Recently I’m writing alot of female characters – I wrote an all-female short film Daughter and now an all-female play – The Beach House. I was always writing women but coming out of lockdown I decided I wanted to actively pursue stories about women and develop female protagonists. We’re half of the population, there’s millions of women to write about. I have two sons and I harped on to them about how few women feature in the movies they watched as they were growing up, in particular how few complicated women, older women make an appearance. So it felt like the right time to sharpen up my writing focus and push on. Having said that, I don’t want to alienate half of the population, I want to write stories that men relate to, that feel universal with female characters, that’s what I’m passionate about.
So I posted online that I was going to be writing female-focused stories, make it a statement of intent, freshened up my bio. Immediately a guy DM’ed me with some advice and research about how to write female characters. He’s a script consultant. He’s compiled research about creating female characters and now he was offering it to me for free. I did start to read the research. I did message back and say thanks and I’d be reading it. I’m sure it was really interesting, well thought out, it’s great that we’re discussing this, that men are discussing this as well as women. But I didn’t read any of it. I smiled about it and I tried to unpick it instead. It felt like that little DM landing in my inbox deserved more attention than the actual research.
Sending research, advice and feedback is a two way thing. Giving and receiving advice. I didn’t ask for the research to be given by the way. I didn’t ask for anything, I was shouting about my own statement of intent, I was hoping people would take me more seriously as a writer of female characters. And I find it intriguing that a male script consultant chose to give me advice about writing for women, my own lived in experience. I’ve never reached out and given advice to men about writing male characters, it’s not something I would feel comfortable doing. It’s not something I would feel confident about doing either.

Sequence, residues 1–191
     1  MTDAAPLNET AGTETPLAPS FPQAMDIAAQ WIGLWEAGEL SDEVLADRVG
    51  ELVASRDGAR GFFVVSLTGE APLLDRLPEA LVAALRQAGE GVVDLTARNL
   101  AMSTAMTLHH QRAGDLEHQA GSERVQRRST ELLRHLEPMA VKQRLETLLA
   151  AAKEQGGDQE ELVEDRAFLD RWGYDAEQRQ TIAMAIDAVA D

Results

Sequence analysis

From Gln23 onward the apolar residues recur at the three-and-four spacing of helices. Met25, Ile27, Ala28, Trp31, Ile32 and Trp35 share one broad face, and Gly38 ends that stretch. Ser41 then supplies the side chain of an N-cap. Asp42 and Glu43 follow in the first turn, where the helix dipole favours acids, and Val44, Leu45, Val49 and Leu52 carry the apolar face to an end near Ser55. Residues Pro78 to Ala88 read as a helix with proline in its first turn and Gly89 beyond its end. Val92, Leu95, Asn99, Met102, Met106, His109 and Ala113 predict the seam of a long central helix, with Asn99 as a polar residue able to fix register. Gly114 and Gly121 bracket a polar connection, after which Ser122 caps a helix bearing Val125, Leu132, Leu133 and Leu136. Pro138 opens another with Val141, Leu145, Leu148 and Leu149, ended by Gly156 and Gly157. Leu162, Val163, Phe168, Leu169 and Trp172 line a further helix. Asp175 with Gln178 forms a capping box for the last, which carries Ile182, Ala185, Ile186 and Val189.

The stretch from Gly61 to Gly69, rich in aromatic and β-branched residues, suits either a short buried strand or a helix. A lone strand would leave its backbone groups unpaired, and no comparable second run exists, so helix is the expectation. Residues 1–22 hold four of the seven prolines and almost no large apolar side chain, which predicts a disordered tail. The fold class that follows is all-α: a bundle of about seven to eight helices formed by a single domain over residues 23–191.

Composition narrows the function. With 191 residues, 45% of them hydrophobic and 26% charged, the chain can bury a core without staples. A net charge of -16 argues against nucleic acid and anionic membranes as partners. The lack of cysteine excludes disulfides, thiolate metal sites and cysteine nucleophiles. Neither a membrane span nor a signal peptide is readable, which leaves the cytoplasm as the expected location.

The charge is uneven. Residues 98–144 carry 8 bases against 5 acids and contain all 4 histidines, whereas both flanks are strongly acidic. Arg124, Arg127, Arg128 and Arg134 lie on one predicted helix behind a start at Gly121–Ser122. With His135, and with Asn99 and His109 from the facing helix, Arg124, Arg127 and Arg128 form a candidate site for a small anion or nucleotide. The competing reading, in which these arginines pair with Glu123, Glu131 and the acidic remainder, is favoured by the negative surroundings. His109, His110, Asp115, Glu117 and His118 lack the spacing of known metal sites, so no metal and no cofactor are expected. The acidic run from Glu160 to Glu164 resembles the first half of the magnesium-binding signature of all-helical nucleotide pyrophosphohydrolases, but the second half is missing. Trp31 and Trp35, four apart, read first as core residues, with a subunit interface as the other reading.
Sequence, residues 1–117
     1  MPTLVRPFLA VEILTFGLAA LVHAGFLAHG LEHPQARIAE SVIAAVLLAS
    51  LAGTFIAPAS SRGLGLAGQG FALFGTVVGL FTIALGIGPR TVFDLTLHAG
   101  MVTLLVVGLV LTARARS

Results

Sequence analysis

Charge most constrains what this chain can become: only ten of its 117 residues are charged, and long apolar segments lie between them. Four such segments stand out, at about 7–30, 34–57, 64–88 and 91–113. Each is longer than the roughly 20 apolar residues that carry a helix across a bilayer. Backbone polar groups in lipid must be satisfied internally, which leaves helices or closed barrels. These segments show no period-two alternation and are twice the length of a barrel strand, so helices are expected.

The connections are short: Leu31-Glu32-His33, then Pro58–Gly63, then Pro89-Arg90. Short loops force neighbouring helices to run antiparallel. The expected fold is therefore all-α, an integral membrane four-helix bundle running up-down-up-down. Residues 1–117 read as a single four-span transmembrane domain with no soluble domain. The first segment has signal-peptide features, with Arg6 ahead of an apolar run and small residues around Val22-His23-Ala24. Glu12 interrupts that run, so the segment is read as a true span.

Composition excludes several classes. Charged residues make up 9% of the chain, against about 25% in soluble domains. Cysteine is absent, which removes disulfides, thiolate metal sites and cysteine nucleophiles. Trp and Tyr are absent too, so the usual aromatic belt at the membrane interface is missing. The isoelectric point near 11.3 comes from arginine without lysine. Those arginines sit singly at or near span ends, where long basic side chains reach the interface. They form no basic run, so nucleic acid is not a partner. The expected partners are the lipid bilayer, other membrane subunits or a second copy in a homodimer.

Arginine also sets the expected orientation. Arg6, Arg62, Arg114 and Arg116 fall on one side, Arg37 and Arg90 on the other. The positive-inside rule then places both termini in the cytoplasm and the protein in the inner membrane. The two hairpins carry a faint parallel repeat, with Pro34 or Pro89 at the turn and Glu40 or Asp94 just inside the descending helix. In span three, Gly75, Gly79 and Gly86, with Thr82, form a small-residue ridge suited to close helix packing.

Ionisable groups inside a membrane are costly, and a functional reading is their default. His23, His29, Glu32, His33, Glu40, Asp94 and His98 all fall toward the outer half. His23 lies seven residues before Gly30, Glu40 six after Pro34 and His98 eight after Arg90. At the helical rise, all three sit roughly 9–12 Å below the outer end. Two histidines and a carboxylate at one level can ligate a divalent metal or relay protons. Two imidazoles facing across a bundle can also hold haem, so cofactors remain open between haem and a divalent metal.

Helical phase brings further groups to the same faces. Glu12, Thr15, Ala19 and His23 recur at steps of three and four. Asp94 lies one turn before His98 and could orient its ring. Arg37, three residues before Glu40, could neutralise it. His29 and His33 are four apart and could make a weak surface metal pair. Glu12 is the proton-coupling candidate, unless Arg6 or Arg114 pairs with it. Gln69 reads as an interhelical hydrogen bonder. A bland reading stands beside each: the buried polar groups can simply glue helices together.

And then the receiving part, I did want to read the research and take it on board because I like to think I’m a good listener, I want to be a good listener. If I’m writing characters people believe in it’s only because I’m listening and developing my characters based on the people around me I’ve listened to. But I didn’t read the research because I also need to trust that I can write stories about women without being validated by men. I am someone who looks for validation with my writing but I’m trying to not be that so much and trust that my own experience is valid, finding a way with my own research and characters feels like more fertile ground for me. Female writers need the space and the platforms to get their voices heard. That’s how we create more female characters on stage and screen.
My characters in The Beach House came from my own female experience and my experience of being with women and listening to them. They also come from a collaboration with, most importantly, my dramaturg Yaël Shavit who is a feedback genius, and my director Bethany Pitts, who is a different kind of genius. And of course our three wonderful actors, Kathryn Bond, Gemma Lawrence and Gemma Barnett.
Come and see our play about three female protagonists Kate, Liv and Jenny. They’re all surprising and entertaining, at times they’re beautiful but they also do ugly stuff like we all do. Come and watch their messiness, I think it’s a universal messiness that we can all relate to.